GlaxoSmithKline and Roche have been reduced to playing flu-drug traffic cop. Because the worried well are snapping up drugs all over the world, prompting shortages in some places, the drugmakers are strategically allocating their stocks. Glaxo says it's sending its antiviral Relenza to areas of the U.S. and elsewhere in the world that need it most. Roche has actually cut off French pharmacies because of a run on its Tamiflu drug; it's only supplying Tamiflu to hospitals in France.
The number of daily prescriptions for antiflu drugs skyrocketed last week to nine times previous April levels, the New York Times reports. To help keep up with demand, Roche and Glaxo quickly jacked up production: Glaxo now has 6 million Relenza treatments in stock and plans to boost production to 5 million treatments per month.
Roche has the capacity to churn out 400 million courses of Tamiflu worldwide, 80 million of those in the U.S. (no word, though, on how many it's making just now). " Over the past week, Roche has been ramping up Tamiflu output at multiple points in the supply chain," Roche said, adding that the ramp-up will continue. At the same time, India's Hetero Drugs--which is licensed to make a version of Tamiflu--says it's gearing up for some $10 million in orders for the drug.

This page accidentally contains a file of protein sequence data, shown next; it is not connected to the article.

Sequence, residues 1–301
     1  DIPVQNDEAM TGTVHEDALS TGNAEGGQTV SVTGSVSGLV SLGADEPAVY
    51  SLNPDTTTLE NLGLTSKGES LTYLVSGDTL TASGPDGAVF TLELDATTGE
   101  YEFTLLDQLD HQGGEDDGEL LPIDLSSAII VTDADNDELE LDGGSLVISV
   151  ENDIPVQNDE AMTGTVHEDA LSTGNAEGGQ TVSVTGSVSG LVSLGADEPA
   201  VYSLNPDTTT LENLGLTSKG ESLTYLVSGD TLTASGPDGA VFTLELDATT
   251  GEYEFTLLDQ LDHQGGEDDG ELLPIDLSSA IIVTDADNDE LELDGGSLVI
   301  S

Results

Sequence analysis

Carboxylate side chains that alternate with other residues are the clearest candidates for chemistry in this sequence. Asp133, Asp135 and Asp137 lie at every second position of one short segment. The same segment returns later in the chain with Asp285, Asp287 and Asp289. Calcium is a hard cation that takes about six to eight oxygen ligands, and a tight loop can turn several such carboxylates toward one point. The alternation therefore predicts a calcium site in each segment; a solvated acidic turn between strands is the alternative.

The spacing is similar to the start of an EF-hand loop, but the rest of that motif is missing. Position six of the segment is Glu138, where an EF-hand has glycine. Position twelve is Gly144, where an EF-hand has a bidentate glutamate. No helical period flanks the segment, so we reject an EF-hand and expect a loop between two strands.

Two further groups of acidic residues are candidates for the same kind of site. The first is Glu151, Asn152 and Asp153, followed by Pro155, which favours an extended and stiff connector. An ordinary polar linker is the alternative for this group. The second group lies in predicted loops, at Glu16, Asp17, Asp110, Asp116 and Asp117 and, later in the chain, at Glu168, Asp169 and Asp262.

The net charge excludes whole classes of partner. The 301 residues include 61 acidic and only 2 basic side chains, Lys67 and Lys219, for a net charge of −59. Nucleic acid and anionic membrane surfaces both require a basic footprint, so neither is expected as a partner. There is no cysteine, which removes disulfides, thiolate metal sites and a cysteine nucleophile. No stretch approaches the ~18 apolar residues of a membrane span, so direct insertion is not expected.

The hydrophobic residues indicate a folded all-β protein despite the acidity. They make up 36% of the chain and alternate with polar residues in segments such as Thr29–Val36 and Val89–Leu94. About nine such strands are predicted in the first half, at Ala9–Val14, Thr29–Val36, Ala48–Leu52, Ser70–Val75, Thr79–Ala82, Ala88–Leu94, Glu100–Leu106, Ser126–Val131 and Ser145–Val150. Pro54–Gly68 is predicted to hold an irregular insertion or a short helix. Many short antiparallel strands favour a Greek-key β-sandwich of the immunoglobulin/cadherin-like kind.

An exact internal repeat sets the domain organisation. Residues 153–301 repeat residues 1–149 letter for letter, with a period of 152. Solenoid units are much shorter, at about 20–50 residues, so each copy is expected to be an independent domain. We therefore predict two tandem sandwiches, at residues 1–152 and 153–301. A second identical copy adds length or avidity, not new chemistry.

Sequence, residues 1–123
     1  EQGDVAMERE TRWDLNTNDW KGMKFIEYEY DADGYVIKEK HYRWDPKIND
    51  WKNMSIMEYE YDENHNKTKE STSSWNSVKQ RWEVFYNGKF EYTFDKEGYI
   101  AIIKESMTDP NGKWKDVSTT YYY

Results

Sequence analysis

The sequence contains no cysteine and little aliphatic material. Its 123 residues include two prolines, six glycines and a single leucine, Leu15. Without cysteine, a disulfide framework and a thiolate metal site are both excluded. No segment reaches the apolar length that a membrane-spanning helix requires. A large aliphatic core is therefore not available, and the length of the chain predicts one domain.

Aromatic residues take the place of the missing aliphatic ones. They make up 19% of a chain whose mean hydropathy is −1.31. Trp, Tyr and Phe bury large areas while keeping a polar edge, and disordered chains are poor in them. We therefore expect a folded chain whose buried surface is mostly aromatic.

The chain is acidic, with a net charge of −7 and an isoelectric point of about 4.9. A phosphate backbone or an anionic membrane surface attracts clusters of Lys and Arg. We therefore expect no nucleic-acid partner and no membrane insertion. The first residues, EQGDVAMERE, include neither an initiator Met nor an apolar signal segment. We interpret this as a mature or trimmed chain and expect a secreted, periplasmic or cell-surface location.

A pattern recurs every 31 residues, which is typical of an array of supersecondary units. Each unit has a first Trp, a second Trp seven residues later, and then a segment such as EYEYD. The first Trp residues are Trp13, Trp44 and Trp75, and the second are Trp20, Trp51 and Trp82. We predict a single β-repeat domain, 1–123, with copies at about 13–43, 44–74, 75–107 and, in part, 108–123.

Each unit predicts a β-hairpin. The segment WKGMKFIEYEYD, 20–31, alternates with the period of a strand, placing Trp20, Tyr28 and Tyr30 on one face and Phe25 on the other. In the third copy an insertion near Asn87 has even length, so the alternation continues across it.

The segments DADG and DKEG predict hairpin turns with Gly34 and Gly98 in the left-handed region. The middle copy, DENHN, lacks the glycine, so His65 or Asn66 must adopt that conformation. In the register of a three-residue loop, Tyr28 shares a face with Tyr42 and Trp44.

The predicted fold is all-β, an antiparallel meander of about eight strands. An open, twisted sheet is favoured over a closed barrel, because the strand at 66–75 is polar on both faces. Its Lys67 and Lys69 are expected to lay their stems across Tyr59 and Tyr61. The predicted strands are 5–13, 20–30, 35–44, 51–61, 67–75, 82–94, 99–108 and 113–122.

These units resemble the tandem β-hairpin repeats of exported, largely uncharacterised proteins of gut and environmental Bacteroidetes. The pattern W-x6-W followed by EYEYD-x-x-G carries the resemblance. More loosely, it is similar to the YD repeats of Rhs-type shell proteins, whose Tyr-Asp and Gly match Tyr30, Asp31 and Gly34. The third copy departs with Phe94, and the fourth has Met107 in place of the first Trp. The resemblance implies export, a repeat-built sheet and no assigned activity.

Meanwhile, Roche deployed its rapid-response Tamiflu stocks at the World Health Organization's request. Between treatments stored by WHO and those held by Roche, that's 5 million courses available for the UN agency's use.